[00:25:23]Jessica Ruhlin: [00:25:23] Okay. I know I’m the worst. Your worst interview ever. I’m so difficult, but I have to, and I promise I’ll make them short because they are tied in for. Same reason. Um, so my first was actually my audition for the Louisville ballet company, which is where I went right out of college, which was extremely lucky. I graduated in 2008 in the middle of the. Economic crisis when no companies were hiring and Louisville is such a beautiful company. Um, so a bunch of my friends from Butler university, where in Indiana, we all piled in a car together. And drove down to Louisville. It was snowing. I remember. Parked in this giant snowbank. The side of the road. And went and I did this audition and. I just remember thinking that I was doing so terribly, just not dancing. Well, uh, I remember the. The person teaching the class was Uber Kern, who I believe is actually still the ballet master there. And he is an amazing teacher, but just does not pull any punches. And his classes are unbelievably hard. And I remember nearing the end of that class. I almost left in the middle of it because I was just thinking, I am not going to get this job with this beautiful company. I’m not doing well in this audition. And. , um, my friends and I, we were all sort of on that rigorous audition circuit, where we were still finishing senior year of college and, you know, doing our capstone projects. And for me, my honors thesis, and we were doing the ballet Jazelle and. Trying to do auditions around the country on top of it. And I was so close to almost just walking out of that audition. And I just remember in my head thinking. You know what I paid for this. Cause you still had to pay for auditions at that time, too. I paid for this audition. I’m going to finish the class and at least,  get a good workout. Or whatever was in my head and just have fun with it. And then I, I just remember getting that call on my answering machine. , , I think it was a couple of months later offering me a spot with the, with the company and it was just. It was just an unbelievable moment of, of. Perseverance. In a really positive way where , I was doubting myself and I chose to push through anyway. And I just loved dancing at Louisville. So I think that that was a really great moment for me. And then my second. My second favorite ish. Oh, say ish moment is kind of on the opposite. End of the spectrum from that where perseverance again pulled through, but it was because. Of an audition where I absolutely thought that I was going to get the job. . Uh, But I went, I traveled to New York for their audition. And it was, it was such a fun audition. It was ballet and jazz and sort of contemporary repertoire. It was a time in my life where I was moving a little bit away from only doing classical and contemporary the way that we did at Louisville. Just because that amount of point work was really hard for me. With my feet and diabetes. So I wanted to go to a company that had a little bit more jazz, a little bit more ballet shoes. So I auditioned for this one that I had researched and I was really excited about. Got to New York. Auditions were in the Ailey building. I mean, it was   such a wonderful experience. I loved the teachers, um, who were, , the directors of the company. And thought that I  nailed that audition. And it was one of those where they said, if they wanted to see you again for the call back, they would. They would let you know, and it would be the following day. And I remember I, I was staying actually with my roommate, my old roommate from high school. Um, And I ended up staying in New York for an extra three days because I kept waiting for that call. And I did not get it. And I was  devastated. I went back to Louisville kind of thinking, okay, I’m just going to start my teaching career because I was teaching at the Louisville ballet school and I really, really enjoyed it. and I wasn’t going to dance with the company again that year and I just kind of thought, well, I guess, I guess this is, I don’t know, world telling me that maybe I should. hang up the performance career. And. Something told me  to reach out to that company. And I sent them an email to saying, , did you have any follow up from me? I really enjoy the experience and their response was, Oh, we got you confused with somebody else at the audition.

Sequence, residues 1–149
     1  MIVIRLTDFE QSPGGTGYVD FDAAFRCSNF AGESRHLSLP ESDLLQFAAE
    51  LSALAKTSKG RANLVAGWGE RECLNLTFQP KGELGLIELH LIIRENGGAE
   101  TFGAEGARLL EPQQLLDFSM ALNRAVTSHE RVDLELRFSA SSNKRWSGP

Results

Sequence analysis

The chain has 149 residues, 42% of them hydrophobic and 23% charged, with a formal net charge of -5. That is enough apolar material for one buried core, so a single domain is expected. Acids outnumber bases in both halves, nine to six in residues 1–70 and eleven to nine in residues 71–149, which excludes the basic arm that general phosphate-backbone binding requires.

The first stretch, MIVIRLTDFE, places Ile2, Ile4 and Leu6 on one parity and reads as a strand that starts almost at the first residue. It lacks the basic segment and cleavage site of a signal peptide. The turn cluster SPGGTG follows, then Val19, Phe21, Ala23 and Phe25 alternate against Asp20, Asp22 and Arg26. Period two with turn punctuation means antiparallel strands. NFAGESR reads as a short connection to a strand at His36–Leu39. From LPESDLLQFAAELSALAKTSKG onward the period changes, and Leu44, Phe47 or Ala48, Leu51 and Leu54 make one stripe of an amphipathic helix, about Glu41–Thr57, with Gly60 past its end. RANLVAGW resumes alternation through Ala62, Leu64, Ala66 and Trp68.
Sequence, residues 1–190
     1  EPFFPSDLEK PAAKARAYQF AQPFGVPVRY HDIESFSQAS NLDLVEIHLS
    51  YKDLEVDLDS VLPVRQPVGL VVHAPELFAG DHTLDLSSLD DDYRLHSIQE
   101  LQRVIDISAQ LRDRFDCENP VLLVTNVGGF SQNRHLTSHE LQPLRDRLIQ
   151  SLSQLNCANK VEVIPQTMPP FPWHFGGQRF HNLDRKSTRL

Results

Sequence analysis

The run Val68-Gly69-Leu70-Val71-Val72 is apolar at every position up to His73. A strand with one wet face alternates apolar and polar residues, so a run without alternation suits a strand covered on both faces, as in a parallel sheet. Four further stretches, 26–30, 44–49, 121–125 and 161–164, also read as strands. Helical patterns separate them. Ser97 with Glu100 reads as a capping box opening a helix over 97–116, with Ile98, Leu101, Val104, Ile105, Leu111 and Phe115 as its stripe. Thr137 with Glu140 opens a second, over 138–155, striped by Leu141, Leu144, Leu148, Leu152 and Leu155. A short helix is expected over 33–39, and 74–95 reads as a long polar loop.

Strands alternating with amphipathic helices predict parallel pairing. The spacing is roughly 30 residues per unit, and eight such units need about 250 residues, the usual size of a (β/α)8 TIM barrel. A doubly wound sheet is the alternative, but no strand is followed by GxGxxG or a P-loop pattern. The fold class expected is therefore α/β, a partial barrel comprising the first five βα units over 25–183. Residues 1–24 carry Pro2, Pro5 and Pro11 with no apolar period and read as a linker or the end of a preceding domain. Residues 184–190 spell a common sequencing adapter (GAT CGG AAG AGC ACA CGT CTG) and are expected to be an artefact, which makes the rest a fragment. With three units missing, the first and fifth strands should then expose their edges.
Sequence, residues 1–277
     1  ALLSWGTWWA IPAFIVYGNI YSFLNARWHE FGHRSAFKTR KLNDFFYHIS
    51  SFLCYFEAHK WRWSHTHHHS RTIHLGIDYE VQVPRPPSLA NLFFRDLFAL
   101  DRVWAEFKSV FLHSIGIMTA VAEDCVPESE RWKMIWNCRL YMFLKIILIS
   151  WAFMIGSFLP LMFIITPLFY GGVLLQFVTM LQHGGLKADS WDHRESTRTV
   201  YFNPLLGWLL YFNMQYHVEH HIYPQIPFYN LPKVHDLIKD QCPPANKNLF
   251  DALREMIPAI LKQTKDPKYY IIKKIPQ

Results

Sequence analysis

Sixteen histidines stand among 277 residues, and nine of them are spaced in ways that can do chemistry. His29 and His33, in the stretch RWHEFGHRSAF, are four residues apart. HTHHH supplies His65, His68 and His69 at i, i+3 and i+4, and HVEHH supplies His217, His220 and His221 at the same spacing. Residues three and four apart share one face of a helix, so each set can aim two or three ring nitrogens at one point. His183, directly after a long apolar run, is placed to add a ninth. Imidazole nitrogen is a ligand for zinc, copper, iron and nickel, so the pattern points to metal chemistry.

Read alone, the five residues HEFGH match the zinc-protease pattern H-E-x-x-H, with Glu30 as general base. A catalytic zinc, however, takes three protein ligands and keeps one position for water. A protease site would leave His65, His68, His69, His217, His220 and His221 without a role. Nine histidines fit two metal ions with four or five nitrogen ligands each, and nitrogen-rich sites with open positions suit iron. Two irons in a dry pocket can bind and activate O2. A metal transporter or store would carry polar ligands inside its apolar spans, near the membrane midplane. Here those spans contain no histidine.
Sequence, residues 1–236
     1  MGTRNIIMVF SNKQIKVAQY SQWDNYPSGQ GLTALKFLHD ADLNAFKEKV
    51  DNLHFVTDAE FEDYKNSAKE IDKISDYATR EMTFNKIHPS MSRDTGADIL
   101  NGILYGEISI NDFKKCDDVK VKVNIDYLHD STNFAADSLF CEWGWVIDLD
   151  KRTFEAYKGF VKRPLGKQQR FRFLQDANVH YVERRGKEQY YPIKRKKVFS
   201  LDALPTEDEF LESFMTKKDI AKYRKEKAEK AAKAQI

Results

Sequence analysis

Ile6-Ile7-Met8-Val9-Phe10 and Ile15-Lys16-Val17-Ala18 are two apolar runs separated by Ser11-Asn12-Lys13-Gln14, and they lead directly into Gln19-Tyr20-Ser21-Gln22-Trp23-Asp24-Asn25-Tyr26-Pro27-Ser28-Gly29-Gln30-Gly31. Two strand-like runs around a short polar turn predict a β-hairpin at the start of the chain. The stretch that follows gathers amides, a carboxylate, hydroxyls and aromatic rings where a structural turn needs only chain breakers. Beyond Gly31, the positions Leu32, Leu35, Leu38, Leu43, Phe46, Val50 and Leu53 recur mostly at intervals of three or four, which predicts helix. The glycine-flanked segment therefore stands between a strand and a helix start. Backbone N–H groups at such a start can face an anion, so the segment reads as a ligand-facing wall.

[00:29:58] And we accidentally invited the road. Girl. To come to New Jersey. For the call back instead of you, can you come back and re audition again? So immediately, I mean like two days later I was on a plane and  my dad and I went to New Jersey and. I really positioned for two days with this company. And at the end of the two days, they said, yes, we want you to come dance for us. And that was it. I went back to Louisville and packed up my apartment and moved to New Jersey after